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Photos and Videos of 4th eMedinewS – RevisitinG 2012 on 20th January 2013

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    Legal Question of the Day (Dr M C Gupta, Advocate & Medicolegal Consultant)

Q. A complaint has been filed in a consumer court by the patient against a hospital without impleading the Ultrasonologist & Obstetrician even though the main grievance is wrong diagnosis by them. What are your comments?


  1. The filing of such a case shows that the patient has done so without legal advice or with bad legal advice. A good advocate would prefer to include the doctors also among the respondents.
  2. It is open to the hospital to either move an application to implead the doctors in the case or to, even otherwise, produce them as witnesses, in person or through affidavits, to prove non-negligence.
  3. If there is negligence, the general principle is that damages are awarded against the hospital and not against the doctors who work for the hospital. This is so irrespective of the fact that doctors are a party in the case. If they have not been made a party in the case, the question of award of damages against them does not arise.
  4. The following may be quoted in this connection:

    The SC held as follows in Savita Garg (Smt.) vs. Director, National Heart Institute – (2004) 8 S.C.C. 56.—(Quoted by NC in Varadha S. Nair v. Dr. Remani.)

    “, a similar view was expressed with regard to burden of proof in Savita Garg (Smt.) vs. Director, National Heart Institute – (2004) 8 S.C.C. 56. The Apex Court observed that:

    “Once a patient is admitted in a hospital it is the responsibility of the hospital to provide the best service and if it does not, then the hospital cannot take shelter under the technical ground that the surgeon concerned or the nursing staff, as the case may be, was not impleaded, and therefore, the claim should be rejected on the basis of non-joinder of necessary parties. In fact, once a claim petition is filed and the claimant has successfully discharged the initial burden that the hospital was negligent, and that as a result of such negligence the patient died, then in that case the burden lies on the hospital and the doctor concerned who treated that patient, that there was no negligence involved in the treatment. Since the burden is on the hospital, they can discharge the same by producing that doctor who treated the patient in defence to substantiate their allegation that there was no negligence. In fact it is the hospital which engages the treating doctor thereafter it is their responsibility. The burden is greater on the institution/hospital than that on the claimant. The institution is a private body and they are responsible to provide efficient service and if in discharge of their efficient service there are a couple of weak links which have caused damage to the patient then it is the hospital which is to justify the same and it is not possible for the claimant to implead all of them as parties.” (emphasized supplied)”.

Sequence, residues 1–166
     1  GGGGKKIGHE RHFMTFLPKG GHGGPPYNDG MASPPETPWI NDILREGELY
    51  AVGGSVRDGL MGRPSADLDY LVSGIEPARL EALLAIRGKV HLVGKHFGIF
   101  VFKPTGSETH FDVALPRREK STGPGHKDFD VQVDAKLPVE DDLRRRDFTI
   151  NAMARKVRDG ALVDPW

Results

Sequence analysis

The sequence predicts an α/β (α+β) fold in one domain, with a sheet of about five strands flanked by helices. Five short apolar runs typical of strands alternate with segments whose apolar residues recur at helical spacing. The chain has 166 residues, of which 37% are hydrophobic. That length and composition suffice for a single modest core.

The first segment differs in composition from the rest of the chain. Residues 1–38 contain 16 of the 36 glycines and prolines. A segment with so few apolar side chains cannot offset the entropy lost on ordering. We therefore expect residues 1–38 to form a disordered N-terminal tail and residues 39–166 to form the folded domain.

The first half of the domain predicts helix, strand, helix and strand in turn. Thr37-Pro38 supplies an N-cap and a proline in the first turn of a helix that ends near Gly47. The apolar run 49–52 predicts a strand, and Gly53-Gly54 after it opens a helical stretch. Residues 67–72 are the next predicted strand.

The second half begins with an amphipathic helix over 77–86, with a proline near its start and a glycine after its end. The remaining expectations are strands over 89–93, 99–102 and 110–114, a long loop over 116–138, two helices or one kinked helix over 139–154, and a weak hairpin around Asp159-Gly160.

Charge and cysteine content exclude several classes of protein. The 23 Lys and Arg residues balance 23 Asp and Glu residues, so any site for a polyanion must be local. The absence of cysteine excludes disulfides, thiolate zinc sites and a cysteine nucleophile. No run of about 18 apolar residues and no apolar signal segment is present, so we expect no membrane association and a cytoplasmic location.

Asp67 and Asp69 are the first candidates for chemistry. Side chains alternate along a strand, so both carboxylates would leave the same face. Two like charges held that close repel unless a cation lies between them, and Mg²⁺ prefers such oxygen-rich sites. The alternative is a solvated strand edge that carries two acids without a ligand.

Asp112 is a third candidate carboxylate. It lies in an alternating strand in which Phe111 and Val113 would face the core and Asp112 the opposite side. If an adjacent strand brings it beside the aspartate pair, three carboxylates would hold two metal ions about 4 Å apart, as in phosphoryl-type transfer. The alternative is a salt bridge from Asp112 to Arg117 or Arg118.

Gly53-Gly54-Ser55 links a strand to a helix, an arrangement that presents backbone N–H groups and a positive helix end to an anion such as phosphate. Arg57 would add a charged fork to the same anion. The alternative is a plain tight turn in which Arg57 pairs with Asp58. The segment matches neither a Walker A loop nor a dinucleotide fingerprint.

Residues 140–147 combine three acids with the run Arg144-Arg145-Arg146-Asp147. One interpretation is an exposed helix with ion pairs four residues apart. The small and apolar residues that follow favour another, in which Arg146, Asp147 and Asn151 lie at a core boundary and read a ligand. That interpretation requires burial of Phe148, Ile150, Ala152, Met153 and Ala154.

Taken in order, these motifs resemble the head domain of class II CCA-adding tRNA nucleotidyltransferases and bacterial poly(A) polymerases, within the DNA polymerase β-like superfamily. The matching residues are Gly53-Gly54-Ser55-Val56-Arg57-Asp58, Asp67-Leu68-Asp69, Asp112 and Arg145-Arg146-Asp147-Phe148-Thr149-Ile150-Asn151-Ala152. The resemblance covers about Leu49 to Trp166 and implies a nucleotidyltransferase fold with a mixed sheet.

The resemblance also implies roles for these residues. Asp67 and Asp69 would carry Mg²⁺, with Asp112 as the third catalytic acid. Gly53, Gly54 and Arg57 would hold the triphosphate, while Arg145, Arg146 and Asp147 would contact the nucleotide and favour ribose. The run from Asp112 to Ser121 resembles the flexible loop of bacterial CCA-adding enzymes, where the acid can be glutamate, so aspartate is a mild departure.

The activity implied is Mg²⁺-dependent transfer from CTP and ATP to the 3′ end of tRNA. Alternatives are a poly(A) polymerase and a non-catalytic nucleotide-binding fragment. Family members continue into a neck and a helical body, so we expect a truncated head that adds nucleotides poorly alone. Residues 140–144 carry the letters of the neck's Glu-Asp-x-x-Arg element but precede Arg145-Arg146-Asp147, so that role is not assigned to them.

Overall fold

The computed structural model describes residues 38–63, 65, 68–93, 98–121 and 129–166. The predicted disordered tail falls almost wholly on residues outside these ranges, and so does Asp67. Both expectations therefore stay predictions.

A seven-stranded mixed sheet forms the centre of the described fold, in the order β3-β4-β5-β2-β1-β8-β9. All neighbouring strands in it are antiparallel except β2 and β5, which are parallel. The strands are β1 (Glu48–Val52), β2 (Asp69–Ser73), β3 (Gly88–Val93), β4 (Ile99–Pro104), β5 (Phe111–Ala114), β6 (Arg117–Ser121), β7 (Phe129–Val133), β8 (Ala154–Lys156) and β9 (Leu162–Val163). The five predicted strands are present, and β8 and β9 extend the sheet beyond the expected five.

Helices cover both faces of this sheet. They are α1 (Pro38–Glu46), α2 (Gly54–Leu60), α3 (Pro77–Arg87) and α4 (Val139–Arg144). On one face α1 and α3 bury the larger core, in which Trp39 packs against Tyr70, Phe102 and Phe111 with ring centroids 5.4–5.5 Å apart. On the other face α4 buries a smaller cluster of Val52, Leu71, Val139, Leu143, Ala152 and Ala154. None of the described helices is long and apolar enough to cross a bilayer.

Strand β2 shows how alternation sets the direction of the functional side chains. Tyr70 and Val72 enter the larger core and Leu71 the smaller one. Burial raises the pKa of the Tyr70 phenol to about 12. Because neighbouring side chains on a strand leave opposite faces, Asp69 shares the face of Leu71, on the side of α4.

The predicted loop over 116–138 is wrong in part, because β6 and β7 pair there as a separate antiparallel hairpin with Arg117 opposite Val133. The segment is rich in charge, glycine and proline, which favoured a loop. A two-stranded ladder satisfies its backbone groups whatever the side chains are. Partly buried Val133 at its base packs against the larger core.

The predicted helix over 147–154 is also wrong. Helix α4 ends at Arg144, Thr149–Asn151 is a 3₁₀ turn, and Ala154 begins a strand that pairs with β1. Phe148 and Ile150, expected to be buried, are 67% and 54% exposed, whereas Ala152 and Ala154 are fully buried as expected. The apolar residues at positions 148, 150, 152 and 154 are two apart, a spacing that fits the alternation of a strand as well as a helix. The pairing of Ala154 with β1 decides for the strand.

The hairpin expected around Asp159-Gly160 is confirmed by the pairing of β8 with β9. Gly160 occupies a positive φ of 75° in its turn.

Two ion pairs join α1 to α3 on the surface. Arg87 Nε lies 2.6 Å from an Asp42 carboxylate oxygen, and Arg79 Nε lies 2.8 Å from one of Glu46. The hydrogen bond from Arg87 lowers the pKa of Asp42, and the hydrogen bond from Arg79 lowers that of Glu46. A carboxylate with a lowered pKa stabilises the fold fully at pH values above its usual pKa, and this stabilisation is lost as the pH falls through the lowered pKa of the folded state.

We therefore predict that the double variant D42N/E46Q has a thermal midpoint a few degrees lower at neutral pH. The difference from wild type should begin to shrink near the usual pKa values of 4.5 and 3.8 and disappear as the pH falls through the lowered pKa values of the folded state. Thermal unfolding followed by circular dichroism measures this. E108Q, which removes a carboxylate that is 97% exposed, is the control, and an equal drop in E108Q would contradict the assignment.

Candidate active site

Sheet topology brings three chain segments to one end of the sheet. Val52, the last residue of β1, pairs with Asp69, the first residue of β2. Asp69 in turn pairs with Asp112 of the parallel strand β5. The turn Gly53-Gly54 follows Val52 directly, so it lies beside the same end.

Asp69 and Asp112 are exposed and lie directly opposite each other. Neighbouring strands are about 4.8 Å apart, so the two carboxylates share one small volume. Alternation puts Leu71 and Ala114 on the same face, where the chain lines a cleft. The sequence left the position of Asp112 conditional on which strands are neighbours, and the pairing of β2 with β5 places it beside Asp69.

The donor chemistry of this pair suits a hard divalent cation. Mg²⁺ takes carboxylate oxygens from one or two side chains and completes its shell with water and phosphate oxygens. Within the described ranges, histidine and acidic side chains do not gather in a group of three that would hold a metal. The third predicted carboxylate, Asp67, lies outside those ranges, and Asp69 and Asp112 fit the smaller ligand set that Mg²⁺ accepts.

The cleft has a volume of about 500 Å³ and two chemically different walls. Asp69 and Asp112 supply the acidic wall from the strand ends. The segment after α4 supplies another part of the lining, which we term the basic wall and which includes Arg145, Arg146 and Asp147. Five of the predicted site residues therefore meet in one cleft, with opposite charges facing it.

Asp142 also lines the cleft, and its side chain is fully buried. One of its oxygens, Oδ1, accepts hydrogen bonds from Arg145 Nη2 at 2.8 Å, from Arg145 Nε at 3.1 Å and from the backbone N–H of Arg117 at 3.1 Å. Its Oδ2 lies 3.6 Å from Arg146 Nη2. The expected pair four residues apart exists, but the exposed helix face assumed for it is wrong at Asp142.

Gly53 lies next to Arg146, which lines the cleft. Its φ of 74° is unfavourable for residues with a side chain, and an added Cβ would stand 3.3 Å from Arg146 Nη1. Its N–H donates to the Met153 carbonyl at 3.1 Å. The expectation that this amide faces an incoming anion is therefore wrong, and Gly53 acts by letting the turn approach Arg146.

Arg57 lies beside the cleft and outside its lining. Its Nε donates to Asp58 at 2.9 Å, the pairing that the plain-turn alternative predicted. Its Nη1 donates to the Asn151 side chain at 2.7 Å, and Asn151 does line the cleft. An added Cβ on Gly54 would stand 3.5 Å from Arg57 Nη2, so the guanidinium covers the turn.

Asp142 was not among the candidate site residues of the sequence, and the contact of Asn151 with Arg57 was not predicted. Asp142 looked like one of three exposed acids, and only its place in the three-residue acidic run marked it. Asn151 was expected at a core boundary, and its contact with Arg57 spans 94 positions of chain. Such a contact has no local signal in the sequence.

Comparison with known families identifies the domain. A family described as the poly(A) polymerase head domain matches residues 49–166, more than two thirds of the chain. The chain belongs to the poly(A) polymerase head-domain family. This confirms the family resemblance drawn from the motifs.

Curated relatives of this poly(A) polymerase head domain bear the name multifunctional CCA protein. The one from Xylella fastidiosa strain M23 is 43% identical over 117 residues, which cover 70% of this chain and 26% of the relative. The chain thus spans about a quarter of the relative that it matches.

Quote of the Day (Dr GM Singh)

It is wise to direct your anger towards problems – not people; to focus your energies on answers – not excuses. William Ward

    Mind Teaser

Read this…………………

On discharge, the nurse teaches the patient to observe for signs of surgically induced hypothyroidism. The nurse would know that the patient understands the teaching when she states she should notify the MD if she develops:

A. Intolerance to heat
B. Dry skin and fatigue
C. Progressive weight gain
D. Insomnia and excitability

Yesterday’s Mind Teaser: Stroke volume of the heart is determined by:

a. The degree of cardiac muscle strength (precontraction)
b. The intrinsic contractility of the cardiac muscle
c. The pressure gradient against which the muscle ejects blood during contraction
d. All of the above factors

Answer for Yesterday’s  Mind Teaser: c. The pressure gradient against which the muscle ejects blood during contraction

Correct answers received from: Dr Jayashree Sen, Dr Shashi Saini, Dr Thakor Hitendrsinh G, Dr PC Das, Rajiv Kohli, Dr Suresh Arora, Dr Kanta Jain, Dr (Maj. Gen.) Anil Bairaria, Arpan Gandhi,

Answer for 9th February Mind Teaser: b. increased levels of circulating catecholamines

Correct answers received from: Dr KV Sarma, Dr N P Mishra, Dr Sushil Kumar

Send your answer to ijcp12@gmail.com

    Laugh a While (Dr.Chandresh Jardosh)

Top Secret Communications Center

When my son was in the Air Force, my wife and I visited quite often. On our first visit, we were allowed inside this top secret Communications Center, but everything in sight was covered up so we could look around everywhere -- Heck, even the toilet paper in the Men's room was disguised.